Reinvigorated – Red Sonja Volume 1: Queen of Plagues

When it was announced that Gail Simone would be taking over the writing chores for Red Sonja, the reading public breathed a sigh of relief.  It was not that the previous series was terrible, it was not, but it was not great either.  The best word to describe it was mediocre.  There were arcs in that series that were interesting and some that were thrilling but many did not even come close to being so and more often than not, the series was generally ruled by mediocrity.  Not a great formula for one of the best characters in your stable.

So Dynamite decides that they are going to start putting some top-tier talent on their books and that is where Gail Simone comes in.  In the forward to this volume, Simone espouses how much she has always loved Red Sonja, after coming to the character late in her younger years, and when she was given the chance to write one of her favourite heroines, there was but one conclusion that could be reached.  In the end, it not only worked out for her, and not only for Dynamite, but for us, the reading audience as well.

In this volume, the previous series is essentially discarded without actually saying so and begins with a fresh start right out of the gate.  Here, we get a Sonja that is harder, meaner, and deadlier and even a little more barbarous than we are used to seeing.  And it is refreshing as most writers tend to forget just exactly what kind of land, what kind of setting, she is living in.  She truly is a devil with a sword and is referred to as such numerous times throughout the book.  This is the Red Sonja we have been waiting for – the female counterpoint to Conan as she was meant to be.  Life has forged her as hard as the steel she bears and we are witness to some of it, from her childhood to her time in the pit, battling for her life at almost all stages.  While the previous iteration of the title had character development, what there was, was very little whereas in this current book, it is jam packed.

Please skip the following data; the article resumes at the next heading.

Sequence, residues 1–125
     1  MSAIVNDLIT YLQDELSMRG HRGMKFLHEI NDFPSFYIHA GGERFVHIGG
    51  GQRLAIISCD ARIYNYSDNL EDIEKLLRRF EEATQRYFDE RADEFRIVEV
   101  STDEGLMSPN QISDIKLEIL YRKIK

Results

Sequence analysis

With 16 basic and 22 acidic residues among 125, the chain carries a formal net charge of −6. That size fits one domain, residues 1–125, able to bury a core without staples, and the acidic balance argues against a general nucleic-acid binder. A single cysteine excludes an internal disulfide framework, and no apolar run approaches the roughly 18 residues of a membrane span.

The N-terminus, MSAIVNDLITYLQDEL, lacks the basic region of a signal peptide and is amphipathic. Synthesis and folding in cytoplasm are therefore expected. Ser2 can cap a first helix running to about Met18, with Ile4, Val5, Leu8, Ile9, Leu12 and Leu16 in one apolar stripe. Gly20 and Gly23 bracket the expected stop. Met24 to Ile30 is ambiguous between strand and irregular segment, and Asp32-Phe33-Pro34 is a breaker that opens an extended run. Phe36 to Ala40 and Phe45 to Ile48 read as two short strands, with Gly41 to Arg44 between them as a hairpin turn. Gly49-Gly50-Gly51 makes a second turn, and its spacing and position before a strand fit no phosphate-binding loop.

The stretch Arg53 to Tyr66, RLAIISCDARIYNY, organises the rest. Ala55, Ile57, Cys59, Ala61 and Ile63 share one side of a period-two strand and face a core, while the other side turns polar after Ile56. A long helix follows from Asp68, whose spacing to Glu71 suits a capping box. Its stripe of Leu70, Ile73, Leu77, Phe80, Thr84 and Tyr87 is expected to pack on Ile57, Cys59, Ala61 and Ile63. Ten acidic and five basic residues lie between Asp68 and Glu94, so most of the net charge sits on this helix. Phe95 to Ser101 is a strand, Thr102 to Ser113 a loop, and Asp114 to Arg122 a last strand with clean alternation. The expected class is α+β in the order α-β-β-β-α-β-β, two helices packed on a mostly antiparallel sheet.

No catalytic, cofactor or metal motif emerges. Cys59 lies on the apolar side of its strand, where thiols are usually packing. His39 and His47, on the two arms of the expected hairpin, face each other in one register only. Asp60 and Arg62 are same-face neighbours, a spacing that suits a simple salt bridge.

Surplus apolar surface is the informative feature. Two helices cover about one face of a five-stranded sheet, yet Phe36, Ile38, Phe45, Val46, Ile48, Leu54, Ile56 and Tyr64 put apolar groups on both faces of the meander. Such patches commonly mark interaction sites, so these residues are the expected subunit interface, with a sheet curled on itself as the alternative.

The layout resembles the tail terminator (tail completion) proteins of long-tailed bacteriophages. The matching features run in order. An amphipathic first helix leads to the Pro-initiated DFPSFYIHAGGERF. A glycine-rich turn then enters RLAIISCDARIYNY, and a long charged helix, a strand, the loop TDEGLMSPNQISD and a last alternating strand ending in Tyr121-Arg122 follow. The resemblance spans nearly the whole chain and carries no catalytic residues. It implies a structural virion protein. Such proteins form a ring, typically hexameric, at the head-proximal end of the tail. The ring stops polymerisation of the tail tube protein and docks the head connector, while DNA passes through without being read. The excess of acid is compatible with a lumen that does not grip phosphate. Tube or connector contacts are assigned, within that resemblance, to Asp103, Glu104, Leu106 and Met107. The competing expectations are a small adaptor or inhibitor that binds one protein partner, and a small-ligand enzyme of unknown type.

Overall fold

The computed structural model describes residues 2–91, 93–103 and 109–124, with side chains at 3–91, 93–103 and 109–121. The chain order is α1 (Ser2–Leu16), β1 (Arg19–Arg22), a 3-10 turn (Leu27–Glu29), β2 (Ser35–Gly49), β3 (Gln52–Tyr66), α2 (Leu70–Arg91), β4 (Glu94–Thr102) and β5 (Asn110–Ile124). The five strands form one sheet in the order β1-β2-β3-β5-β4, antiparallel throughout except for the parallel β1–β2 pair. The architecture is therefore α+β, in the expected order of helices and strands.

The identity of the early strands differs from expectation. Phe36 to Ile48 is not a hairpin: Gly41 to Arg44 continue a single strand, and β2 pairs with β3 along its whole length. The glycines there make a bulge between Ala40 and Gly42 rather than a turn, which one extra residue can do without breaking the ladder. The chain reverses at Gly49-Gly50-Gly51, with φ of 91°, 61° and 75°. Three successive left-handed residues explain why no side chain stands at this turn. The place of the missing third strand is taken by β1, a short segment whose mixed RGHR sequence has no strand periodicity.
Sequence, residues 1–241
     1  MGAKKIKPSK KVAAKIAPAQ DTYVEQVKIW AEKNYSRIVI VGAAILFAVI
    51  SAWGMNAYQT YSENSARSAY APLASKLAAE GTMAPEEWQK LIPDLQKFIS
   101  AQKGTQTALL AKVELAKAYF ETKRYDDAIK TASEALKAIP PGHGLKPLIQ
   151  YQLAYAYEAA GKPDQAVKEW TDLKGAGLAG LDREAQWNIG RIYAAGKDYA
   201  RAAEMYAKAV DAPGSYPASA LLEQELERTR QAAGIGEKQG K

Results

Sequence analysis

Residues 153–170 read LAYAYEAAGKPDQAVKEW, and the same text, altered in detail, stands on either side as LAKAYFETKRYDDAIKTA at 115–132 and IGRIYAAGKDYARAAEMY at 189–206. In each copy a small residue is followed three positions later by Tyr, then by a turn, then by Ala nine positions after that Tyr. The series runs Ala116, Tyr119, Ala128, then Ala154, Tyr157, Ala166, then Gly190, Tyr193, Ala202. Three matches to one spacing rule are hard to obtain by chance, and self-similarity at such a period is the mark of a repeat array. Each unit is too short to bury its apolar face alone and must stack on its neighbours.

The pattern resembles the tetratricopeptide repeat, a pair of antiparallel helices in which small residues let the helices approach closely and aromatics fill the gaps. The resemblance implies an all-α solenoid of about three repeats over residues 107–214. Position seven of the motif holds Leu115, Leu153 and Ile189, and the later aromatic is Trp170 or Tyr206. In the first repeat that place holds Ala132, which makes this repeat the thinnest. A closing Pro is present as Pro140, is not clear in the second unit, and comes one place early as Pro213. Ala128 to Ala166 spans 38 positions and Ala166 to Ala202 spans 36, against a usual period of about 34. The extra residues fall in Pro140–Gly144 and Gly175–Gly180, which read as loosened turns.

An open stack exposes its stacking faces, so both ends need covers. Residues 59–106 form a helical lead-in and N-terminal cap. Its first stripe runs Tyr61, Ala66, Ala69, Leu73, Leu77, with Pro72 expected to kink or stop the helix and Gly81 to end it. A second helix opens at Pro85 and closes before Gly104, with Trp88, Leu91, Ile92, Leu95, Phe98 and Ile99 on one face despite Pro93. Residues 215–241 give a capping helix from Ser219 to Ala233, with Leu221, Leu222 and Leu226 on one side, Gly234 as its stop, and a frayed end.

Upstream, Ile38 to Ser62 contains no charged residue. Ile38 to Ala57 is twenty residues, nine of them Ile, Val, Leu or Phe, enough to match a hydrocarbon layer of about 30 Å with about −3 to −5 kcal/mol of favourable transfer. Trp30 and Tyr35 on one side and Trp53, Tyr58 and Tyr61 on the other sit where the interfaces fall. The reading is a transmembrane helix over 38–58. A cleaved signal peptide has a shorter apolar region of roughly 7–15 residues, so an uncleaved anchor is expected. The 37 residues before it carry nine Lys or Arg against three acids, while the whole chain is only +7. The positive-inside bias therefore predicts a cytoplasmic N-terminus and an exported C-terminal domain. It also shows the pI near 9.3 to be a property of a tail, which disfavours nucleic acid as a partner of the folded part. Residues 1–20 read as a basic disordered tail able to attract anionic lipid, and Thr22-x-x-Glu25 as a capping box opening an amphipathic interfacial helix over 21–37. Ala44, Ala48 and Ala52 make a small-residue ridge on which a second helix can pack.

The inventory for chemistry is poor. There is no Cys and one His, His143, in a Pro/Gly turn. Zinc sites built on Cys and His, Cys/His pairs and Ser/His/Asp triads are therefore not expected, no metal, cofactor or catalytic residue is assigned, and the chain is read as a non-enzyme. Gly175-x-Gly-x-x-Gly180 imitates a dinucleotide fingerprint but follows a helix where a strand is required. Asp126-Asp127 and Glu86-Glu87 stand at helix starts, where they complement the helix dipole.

During this first arc, we find Sonja going up against someone from her past she had not seen in some time.  At the behest of a king, who is one of the few men she has ever respected, she is called upon to join him and his people to aid them in a battle that they will most surely lose.  It is possible that with her help they might overcome and though it seems hopeless, she agrees.  When it comes, it is a conflict that does not sit well with her as she used to call this foe her friend, but as with all things, Sonja will do what she must to overcome, and whether friend or foe, it does not matter.  Thus are we introduced to Dark Annisia, Sonja’s sister by all accounts, even if not by blood, and she will not rest until she takes Sonja down.

A fresh start is exactly what Red Sonja needed and it shows on all fronts.  From the new characters to the new perspective, everything seems bold and enthusiastic.  The one holdover from the previous series is current artist Walter Geovani who has just gotten better with time.  His Sonja is beautiful, yet lethal and she shows it in every panel.  Dark Annisia is the same under his pencil and when they fight, it is like two competing storms raging against the other.  One minor complaint are the creatures he draws as they look like Peter Jackson rejects from the Lord of the Rings films, but other than that, Geovani is a fantastic artist and Dynamite would do well to sign him up for a long haul on the book.

Gail Simone has more than proven her ability to write strong, female heroes, and frankly, pretty much anything. With this book, it seems as if she was saving some unknown reservoir of greatness to unleash upon Red Sonja had she ever been given the chance to write her.  How fortuitous for us, that very opportunity had presented itself to her.  It has recently been announced that she has extended her run on the book and that news will surely be welcomed by all.  From mediocrity to first-rate, from sell-sword to hell-sword, Red Sonja is a book not to be missed.

4.5 out of 5

Leave a Reply

Fill in your details below or click an icon to log in: Logo

You are commenting using your account. Log Out /  Change )

Twitter picture

You are commenting using your Twitter account. Log Out /  Change )

Facebook photo

You are commenting using your Facebook account. Log Out /  Change )

Connecting to %s

This site uses Akismet to reduce spam. Learn how your comment data is processed.